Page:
It could be argued that kidney stones and urinary tract infections are equally painful, or at least equally irritating, but the answer isn’t clear, since different people process pain differently. It also makes a difference how severe a UTI is or how large or resistant to treatment a kidney stone may be.
However, one thing is certain. Suffering from either a kidney stone or a urinary tract infection can be debilitating at worst, leading to hospitalization, and annoying at best, so that it’s difficult to concentrate and function normally.
What is a urinary tract infection (UTI)?
A UTI, or urinary tract infection, occurs when bacteria get into the urinary tract and begin to grow and spread, causing an infection. Most UTIs are caused by bacteria entering the urethra. Often, this is E. Coli that spreads from the anus. Though E. Coli is thought to be responsible for up to 90 percent of all UTIs, other bacteria can induce urinary tract infections as well.
Commonly, the bacteria travel up through the urethra, and the infection likely occurs here or in the bladder. However, in some cases, the infection reaches the ureters or the kidneys, which can cause additional complications. There are other causes of UTIs as well, including anything that could be blocking the flow of urine and causing it to build up and stay in the bladder.
Since urinary tract infections are incredibly common, you are probably familiar with the symptoms. Just in case you're not, here's a refresher:
- Needing to urinate more often than usual
- Not being able to empty the bladder, or only producing small amounts of urine, even when you feel the strong urge to go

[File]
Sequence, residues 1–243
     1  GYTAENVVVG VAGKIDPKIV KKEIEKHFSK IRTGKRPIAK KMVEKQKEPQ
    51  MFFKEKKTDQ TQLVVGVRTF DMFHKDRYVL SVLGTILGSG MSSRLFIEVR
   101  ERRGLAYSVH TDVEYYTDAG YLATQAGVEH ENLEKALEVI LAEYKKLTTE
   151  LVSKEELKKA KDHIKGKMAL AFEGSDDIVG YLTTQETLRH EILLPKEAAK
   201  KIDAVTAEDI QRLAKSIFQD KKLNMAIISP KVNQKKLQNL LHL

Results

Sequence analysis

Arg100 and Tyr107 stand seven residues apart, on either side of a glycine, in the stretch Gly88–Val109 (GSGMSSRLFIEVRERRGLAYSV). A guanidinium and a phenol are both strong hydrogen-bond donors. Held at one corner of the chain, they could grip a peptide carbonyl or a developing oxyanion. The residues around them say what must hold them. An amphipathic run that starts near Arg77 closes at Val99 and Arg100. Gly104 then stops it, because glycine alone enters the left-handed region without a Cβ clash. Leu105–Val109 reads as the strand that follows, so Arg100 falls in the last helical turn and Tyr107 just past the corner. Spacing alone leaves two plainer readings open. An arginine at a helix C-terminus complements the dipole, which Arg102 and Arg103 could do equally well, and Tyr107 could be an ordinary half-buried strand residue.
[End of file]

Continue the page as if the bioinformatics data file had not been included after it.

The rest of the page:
- Discomfort or pain when peeing, which can also include a burning sensation
- Feelings of fatigue and general unwellness, and fever is also possible
- Urine may smell odd or look cloudy
- Older people who develop urinary tract infections can become severely confused and disoriented, mimicking the symptoms of dementia
What is a kidney stone?
Kidney stones, also called nephrolithiasis or renal lithiasis, are deposits in the kidneys that are made up of minerals and salts. These deposits harden and crystalize, settling in various parts of the urinary tract, and while they are called kidney stones, they can affect any part of the urinary tract, including the ureters, bladder, and urethra.
Stones can form from a number of different materials, but the most common is excess calcium in the urine. In many cases, calcium oxalate or calcium phosphate stones are small and easier to pass or at least break up with treatment. Struvite stones are formed in response to an infection and can be much larger. Uric acid stones often form in people who are chronically dehydrated, and cystine stones are a hereditary concern, involving the overproduction of amino acids, which the kidneys can’t excrete in those quantities.
Symptoms of kidney stones will include pain (usually on one side, and for men in the testicles as well), fever, blood in the urine, excessive sweating, and feeling nauseous (which can include vomiting).
Who gets UTIs?
Anyone can get a UTI, but some people are at greater risk of developing a urinary tract infection, including:
- Women. The urethra is shorter in women, so it’s quicker for bacteria to travel up into the system. Also, the female urethra is closer than the male urethra to the areas carrying bacteria that often cause infections, namely the vagina and the anus. Women who are post menopause are at even higher risk due to a shifting of organs that causes bladder or uterine prolapse and hormonal changes.